Just after dark on Wed the 27th an email came in from a fellow SLC artist, informing me that his neighbor had just recovered a pair of my trout that were lying in the street/median after an apparent hit and run by a car. This is the same group that was hit by a car previously, and I headed up to see how the triple group faired. The triple group was hit as well, but the ground was soft from our recent weeks of rain and they were just pushed to a 35 degree tilt- all the welds held and they weren’t dented this time. There was still a stream hoop from the missing pair topping one of two shoved-over poles, the hoop was in good shape save for the missing everything else. There was a lot of car debris: headlight, grill bits, trim, etc. It must have been a newer car with the updated pedestrian safety standards, saving the sculptures from the beating they had taken a few years ago. I headed over to the rescuer’s house, she met me at the door telling me a pair of young fellows had helped her lift the sculpture into her SUV. Her husband helped me move the pair of trout and their remaining hoop into the truck- and easy shift across.
Sunday morning re-installation of Bonneville Upstream.
The rest of the morning was up at the intersection of 2100 S 1300 E, with the long turn lane still closed for street construction. This gave us a nice safe space to park and work from. The City’s public art coordinator, Kat Nix, brought hardhats and safety jackets for the guys, and pitched in with the work. The director of Salt Lake City’s Arts Council, Felicia Baca, also stopped in, joking around at how I used to be her boss back when I ran Global Artways for the City. After Jed and I had dug out the holes and installed the paired group into concrete footings, Chris made a quick trip up to help us lift the triple group into position and slurry in the concrete. Everything went swimmingly, and the trout are happily in the current again.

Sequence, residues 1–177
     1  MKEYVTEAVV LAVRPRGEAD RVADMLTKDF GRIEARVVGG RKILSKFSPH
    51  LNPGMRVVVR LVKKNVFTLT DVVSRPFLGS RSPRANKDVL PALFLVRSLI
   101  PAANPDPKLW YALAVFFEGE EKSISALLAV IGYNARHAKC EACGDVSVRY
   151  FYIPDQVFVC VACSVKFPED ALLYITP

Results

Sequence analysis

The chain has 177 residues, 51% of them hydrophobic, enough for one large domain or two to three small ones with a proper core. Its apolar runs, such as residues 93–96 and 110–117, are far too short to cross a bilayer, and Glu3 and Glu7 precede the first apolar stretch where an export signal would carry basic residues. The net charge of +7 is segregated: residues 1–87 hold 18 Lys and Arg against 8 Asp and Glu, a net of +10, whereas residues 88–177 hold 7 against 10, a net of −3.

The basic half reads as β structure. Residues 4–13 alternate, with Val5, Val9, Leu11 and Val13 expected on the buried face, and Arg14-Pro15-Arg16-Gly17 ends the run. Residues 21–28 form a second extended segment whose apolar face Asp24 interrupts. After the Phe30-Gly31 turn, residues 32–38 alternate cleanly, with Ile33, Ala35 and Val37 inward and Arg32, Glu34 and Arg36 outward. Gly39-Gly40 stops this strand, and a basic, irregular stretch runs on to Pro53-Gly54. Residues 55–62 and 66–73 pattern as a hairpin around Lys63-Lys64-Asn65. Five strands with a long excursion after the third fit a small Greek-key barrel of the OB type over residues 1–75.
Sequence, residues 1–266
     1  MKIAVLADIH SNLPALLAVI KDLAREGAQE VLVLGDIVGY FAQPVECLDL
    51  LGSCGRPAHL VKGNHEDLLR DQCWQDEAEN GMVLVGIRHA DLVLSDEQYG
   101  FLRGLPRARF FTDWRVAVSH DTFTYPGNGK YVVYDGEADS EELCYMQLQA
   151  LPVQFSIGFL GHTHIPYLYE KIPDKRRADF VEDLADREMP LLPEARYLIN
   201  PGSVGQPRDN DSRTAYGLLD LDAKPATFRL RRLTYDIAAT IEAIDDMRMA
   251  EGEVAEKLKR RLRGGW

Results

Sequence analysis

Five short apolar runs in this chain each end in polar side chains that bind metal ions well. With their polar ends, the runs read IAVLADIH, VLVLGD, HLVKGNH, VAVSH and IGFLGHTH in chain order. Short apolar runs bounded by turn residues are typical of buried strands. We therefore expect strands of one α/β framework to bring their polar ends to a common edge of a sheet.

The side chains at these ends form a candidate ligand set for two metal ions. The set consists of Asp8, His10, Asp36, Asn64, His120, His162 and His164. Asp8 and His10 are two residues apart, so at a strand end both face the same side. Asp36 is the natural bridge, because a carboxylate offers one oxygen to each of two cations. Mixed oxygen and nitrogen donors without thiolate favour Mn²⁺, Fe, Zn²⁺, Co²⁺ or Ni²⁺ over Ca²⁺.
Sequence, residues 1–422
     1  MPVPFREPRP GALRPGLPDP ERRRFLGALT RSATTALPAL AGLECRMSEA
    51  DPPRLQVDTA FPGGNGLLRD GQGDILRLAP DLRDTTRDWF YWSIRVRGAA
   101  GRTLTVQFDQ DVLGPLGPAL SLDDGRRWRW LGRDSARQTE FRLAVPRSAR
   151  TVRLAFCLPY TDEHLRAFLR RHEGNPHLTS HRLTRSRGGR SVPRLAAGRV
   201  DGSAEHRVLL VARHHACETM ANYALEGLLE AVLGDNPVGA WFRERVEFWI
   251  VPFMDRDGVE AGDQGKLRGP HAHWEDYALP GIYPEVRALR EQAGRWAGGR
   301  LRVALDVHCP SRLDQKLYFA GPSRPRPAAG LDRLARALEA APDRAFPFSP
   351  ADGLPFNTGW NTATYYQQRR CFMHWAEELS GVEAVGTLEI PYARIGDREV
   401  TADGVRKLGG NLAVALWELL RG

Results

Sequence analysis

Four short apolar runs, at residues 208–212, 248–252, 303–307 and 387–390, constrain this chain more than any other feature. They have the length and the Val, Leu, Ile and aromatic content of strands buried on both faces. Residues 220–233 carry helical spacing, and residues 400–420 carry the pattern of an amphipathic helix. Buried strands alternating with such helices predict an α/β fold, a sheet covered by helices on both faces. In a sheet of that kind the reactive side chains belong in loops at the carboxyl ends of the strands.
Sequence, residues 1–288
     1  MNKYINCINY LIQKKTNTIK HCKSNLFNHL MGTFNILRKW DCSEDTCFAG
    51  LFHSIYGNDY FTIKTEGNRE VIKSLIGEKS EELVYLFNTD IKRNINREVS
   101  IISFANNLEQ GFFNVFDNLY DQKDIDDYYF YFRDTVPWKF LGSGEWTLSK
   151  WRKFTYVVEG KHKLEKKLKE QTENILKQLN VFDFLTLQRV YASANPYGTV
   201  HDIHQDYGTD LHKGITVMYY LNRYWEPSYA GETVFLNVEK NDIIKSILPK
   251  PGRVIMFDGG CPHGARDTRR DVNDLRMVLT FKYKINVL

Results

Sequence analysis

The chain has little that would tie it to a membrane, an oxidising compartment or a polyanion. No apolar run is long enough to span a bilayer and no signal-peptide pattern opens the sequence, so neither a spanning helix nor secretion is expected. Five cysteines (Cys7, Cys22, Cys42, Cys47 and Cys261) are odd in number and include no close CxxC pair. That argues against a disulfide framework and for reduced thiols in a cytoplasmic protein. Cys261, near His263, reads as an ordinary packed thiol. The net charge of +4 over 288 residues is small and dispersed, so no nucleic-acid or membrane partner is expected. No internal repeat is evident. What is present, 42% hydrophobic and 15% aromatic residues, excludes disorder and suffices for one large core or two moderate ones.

The trout are all finished out. When last we saw them, they were undergoing reconstructive surgery from their car attack. Since then I set a new cold patina to etch and seal the naked bronze, then went about color matching. They are all dolled up with patina renewed, and the entire form cleaned and waxed. When their sister pair is released from police evidence, I’ll finish out that set, then add new stainless steel mounting poles to both sets.
This morning the Ibis built its nest site out at the new Great Salt Lake Nature Center at Farmington Bay with a little help from my friend Jed and I. Elizabeth imagines it must be quite a shock for the little guy after spending the past five and half months puttering around in the studio.
Under his feet I welded in large stainless steel anchor posts that rest on stainless steel angle stock (shown in December post). This stainless steel footing is immersed in a concrete footing. A concrete filled posthole reinforced with rebar drops below the concrete form box, adding thousands of pounds of strength to the structure ( the post hole digger is in the image at the left). The angled boards brace the sculpture while the concrete cures. I will return on Wednesday and remove the bracing and form-box, affix the turn-wheel, take the protective wrapping off the legs, replace the stones under and around the feet, and give him a final wax & polish.